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Pak hedging in talks with India: Study

A US-based think tank says Musharraf is 'hedging' in talks with India by letting Kashmiri terror groups to operate.

india Updated: Oct 27, 2006 15:56 IST

Noting that Pakistan President Pervez Musharraf is clearly "hedging" in talks with India by allowing Kashmiri terrorist groups to continue to operate, a leading United States think tank has asked Washington to send a consistent message to Islamabad to deny safe haven to terrorists.

The Heritage Foundation has said Washington should privately acknowledge the links between the Taliban, Al-Qaeda and Pakistan groups that target India and ask Islamabad to deny a safe haven to militants regardless of whether they attack coalition forces in Afghanistan or innocent civilians in India or elsewhere.

Observing that US expectations are that Islamabad develop an equally uncompromising policy toward all three groups, it said, "This means that Pakistan must shut down training facilities associated with international terrorist incidents, including institutions run by the Lashkar-e-Taiba in Muridke and the Jaish-e-Mohammed in Bahawalpur.

"Washington should emphasize the dangers of Islamabad's maintaining a permissive attitude toward groups that commit terrorism and remind Pakistani officials that US laws require sanctions against states that support terror groups," Lisa Curtis of the Foundation said in the paper.

The paper said the US should not try to involve itself directly in resolving the Indo-Pak dispute, but should continue to talk about the issue separately with both sides and inject ideas into their dialogue process.

"President Musharraf is clearly hedging in talks with India by allowing Kashmiri militant groups to continue to operate.

The US needs to convince Musharraf to instead put his faith in the Indo-Pak dialogue," it said.

"A genuine peace process between New Delhi and a wide spectrum of Kashmiri leaders that addresses political grievances and human rights issues would also help to temper the Pakistani public's emotional reactions to Kashmir and widen public support for a genuine crackdown on violent groups," the think tank said.


"Encouraging travel back and forth across the LoC (started by the Muzaffarabad-Srinagar bus link) and greater interaction and cooperation between officials from both sides of the LoC will widen the constituencies for peace and help to isolate violent extremists," it said.

The paper pointed out that Pakistani President has so far been reluctant to take concrete steps to rein in 'jihadists' that fight in Kashmir, mainly because his government believes the militancy is Islamabad's only way to keep pressure on India and to force New Delhi's hand in negotiations over the contested territory.

"New Delhi's allegations that a Pakistan-based terrorist group and Pakistan's intelligence agency were involved in the Mumbai bomb blasts could derail Indo-Pakistani bilateral talks unless Pakistan takes concrete steps to crackdown on domestic terrorist groups," it said.

"While Washington should encourage such a crackdown, it will also need to acknowledge Pakistan's interest in seeing substantive movement on India-Pakistan talks on Kashmir.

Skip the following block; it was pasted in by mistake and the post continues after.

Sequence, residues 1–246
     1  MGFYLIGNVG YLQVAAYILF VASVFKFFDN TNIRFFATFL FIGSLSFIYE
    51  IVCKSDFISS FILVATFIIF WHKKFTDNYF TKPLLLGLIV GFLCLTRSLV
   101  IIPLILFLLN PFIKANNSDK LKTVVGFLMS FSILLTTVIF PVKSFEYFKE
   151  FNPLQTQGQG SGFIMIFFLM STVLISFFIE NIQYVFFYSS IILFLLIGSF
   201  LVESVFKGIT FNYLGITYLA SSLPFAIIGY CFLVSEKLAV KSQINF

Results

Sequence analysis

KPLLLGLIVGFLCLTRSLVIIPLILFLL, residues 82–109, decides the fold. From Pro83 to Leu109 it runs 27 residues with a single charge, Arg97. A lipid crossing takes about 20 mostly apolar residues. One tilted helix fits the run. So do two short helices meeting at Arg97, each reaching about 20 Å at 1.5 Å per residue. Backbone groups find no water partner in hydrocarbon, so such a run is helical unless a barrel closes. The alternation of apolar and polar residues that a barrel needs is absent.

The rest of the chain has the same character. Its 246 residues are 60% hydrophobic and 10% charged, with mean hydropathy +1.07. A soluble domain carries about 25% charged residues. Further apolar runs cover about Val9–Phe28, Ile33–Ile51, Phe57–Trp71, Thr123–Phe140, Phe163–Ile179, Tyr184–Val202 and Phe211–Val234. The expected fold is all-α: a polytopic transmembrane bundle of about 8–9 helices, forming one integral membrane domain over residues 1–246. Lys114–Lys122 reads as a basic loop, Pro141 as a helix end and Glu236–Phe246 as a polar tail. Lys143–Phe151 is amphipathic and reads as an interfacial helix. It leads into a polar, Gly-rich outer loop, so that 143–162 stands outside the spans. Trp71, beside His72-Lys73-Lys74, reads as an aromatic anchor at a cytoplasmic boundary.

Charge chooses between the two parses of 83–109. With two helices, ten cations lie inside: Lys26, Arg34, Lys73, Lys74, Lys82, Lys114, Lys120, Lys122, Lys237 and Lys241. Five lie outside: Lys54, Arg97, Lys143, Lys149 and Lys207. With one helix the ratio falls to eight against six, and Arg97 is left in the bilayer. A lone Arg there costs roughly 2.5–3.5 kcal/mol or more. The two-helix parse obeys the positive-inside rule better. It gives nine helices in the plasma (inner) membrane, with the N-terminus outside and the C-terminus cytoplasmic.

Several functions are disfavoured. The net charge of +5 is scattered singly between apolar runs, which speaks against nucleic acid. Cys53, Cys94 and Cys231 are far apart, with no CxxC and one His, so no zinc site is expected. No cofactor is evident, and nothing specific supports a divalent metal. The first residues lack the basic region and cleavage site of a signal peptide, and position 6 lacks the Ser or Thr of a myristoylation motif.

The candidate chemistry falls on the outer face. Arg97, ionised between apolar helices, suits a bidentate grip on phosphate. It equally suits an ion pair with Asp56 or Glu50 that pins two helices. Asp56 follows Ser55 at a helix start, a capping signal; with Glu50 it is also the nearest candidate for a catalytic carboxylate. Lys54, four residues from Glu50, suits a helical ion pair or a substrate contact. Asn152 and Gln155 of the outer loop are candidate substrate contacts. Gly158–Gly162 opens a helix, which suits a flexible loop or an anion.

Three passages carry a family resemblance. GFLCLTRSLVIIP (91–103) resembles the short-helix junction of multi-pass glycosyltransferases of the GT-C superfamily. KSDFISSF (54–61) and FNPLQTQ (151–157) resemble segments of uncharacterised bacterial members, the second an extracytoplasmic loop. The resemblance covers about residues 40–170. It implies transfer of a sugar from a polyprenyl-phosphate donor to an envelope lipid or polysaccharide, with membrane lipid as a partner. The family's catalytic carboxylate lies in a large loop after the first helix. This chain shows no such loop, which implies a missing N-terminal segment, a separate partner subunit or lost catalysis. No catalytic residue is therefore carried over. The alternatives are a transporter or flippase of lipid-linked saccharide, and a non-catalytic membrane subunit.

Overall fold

In this context, Washington should encourage New Delhi to take additional confidence-building measures on Kashmir and to involve the Kashmiris in a peace process that addresses human rights concerns and political grievances," The Heritage said. 

Noting that Musharraf would find it politically challenging to pursue a broader crackdown on domestic terrorists that strike in India and abroad, it said religious parties would label such a crackdown as surrender to India over Kashmir.

However, Musharraf could draw support for such a crackdown from other parts of Pakistani society, such as the secular political parties, the business community, and Pakistanis who have been involved in people-to-people exchanges with Indians over the past few years," it suggested.

It stressed that a more serious dialogue on Kashmir between India and Pakistan and deeper engagement by the US would help to give Pakistan confidence that its viewpoint has been taken into account.

"Washington needs to strengthen its policy toward Pakistan in ways that both demonstrate long-term US commitment to the relationship and press Pakistan to expand its efforts against violent extremists.

The best chance for success against violent extremism in Pakistan lies in a strategy that prioritises economic and democratic development and the pursuit of better ties with neighboring countries, namely Afghanistan and India.

"Washington should support these objectives and encourage greater economic interdependence among these three South Asian countries," Curtis has said.

The foundation said Pakistan needed to come down hard on any elements that are found protecting or sheltering Taliban or Al-Qaeda.

"This may require Musharraf to punish lower-level individuals within his own intelligence and security services who have helped Taliban leaders evade capture by US forces in the past.

"This is a tall order for Musharraf, given the deep institutional links between the intelligence and security services and the Taliban," the paper has argued stressing the point that Islamabad has to have a "zero tolerance policy".

"Links between Pakistan-based Kashmiri militant groups and international terrorist incidents further demonstrate the need for Islamabad to adopt a zero-tolerance policy toward violent extremism," it added.